Bissell’s National Indigenous Peoples Day celebration weeks ago brought 96 St. right outside Bissell to life. Bissell Centre has been celebrating National Indigenous Peoples Day, proclaimed in 1996 by the Canadian Government, for well over a decade! This year, it was so much more than a block party– our team made sure this was a celebration to remember.
Keeping Traditions Alive
Our Food Services kitchen team made traditional stew and Bannock for everyone who attended. In total, they served more than 900 meals! Elders from the community held a traditional pipe ceremony to kick things off. They shared stories of struggle and expressed why the customs and traditions they grew up with are so important to folks from Indigenous communities.
Energetic Local Performances
Families enjoyed the traditional hand games from Indigenous communities. Plus, dance and music performances from the Thunder Lake Singers & Dancers and flutist Theo Waskahat. The block was alive with music, drumming, and dancing for the whole community to enjoy.
Sharing and Learning Together
National Indigenous Peoples Day is always an amazing celebration, but this year’s was truly one to remember. We’re so happy and grateful for everyone who came out, participated, shared their gifts, and helped make sure Indigenous customs and traditions will stay alive for the people who need them most.
National Indigenous Peoples Day 2023 Photo Highlights
Celebrating Black History Month in Edmonton is important – but it’s just as important to know why we celebrate Black History Month. In order to do this celebration of Black accomplishments justice, we need to fully understand what was the intention of this month, what was the larger social context of the times, and why this celebration needed to come into existence.
The Black experience in Edmonton is unique especially compared to the American Black experience through slavery and into modern marginalization. Despite these differences on the surface, the underlying themes are all too familiar to far too many races, groups, identities, and nations.
Where Black History Month Began
Carter G. Woodson is often considered the man who ignited Black History Month. He was born to a literate mother and an illiterate father, so he grew up understanding how a person’s origins and story are sacred and need to be preserved and shared for future generations. Wanting to create a record of important historical Black Americans, Woodson’s main goal was for young Black people to see these themselves in these powerful figures and stories. This was during a time when Black accomplishments went relatively unnoticed outside of the communities and were largely omitted from textbooks and history lessons.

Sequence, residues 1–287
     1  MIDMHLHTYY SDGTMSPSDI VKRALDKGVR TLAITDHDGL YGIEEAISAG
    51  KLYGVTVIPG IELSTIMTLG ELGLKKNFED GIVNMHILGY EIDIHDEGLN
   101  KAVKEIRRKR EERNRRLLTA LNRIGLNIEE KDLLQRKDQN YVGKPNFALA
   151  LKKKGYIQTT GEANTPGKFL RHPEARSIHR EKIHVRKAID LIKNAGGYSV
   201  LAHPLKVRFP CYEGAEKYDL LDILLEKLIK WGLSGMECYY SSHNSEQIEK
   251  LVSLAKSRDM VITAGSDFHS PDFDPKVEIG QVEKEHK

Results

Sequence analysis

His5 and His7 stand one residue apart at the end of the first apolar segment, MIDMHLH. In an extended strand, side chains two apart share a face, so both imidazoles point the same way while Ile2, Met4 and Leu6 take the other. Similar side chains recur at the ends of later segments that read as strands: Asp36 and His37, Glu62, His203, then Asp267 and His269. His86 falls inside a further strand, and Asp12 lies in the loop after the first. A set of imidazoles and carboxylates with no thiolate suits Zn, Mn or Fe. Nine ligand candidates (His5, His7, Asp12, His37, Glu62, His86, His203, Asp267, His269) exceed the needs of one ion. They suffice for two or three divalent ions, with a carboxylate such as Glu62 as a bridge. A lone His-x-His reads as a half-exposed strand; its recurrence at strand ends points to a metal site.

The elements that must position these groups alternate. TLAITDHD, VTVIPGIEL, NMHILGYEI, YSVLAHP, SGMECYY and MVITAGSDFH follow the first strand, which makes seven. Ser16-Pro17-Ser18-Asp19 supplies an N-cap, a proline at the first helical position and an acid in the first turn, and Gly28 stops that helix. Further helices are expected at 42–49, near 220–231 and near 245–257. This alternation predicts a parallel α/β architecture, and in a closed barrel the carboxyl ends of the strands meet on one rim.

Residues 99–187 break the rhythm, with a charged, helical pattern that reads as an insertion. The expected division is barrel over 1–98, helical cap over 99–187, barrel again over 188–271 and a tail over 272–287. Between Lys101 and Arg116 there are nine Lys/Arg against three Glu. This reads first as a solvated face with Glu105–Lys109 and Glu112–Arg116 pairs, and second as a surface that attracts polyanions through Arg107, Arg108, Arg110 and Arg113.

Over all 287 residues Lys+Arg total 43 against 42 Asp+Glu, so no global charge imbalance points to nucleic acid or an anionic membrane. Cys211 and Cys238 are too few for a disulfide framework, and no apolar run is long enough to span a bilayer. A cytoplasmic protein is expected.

For accomplished sociologist and Bissell Centre Family Support worker Samuel Enyon, Black History Month is important because of the lack of representation of Black achievement. “For me as an African immigrant to Canada, knowing and celebrating some of the Black people that made it possible to even dream of ever coming to the Americas, live a dignified life and fight for a better life for my family is both humbling and an honour,” says Samuel.
Recognizing the Black Experience
The abuses African American face on a daily basis can not be understated. The engrained racism across the United States is so deep it’s nearly unrecognizable as deliberate disenfranchisement. While many folks are working towards restorative justice for Black communities, it feels like just as many people would rather pretend this inequality doesn’t exist.
Samuel goes on to explain that those who write history get to control the narrative and unfortunately, the history of Black people has typically been written by white scholars. “What this means is that it took the efforts of Black figures such as Carter G Woodson, Martin Luther King, Malcolm X and other civil rights activists to finally be mentioned in history,” says Samuel. “And why many children growing up in Africa as I did, know why Nelson Mandela, Patrice Lumumba and Kwame Knuruma were fighting for our freedom in Africa.”
A Celebration of Overcoming Obstacles
Black History Month’s main message is a positive one about celebrating the achievements of men and women who faced seemingly constant barriers, yet still achieved in ways that some folks could only dream of. And this is where Black History Month touches Edmonton.
The underlying theme of overcoming obstacles is a common story in a lot of marginalized communities in Edmonton. Whether it’s Indigenous Edmontonians attempting to navigate a system that initially sought to wipe them out, new Canadians trying to build a better life only to find demeaning work and living conditions, or any Edmontonian born without the resources to meet their full potential, this is a month to give them hope.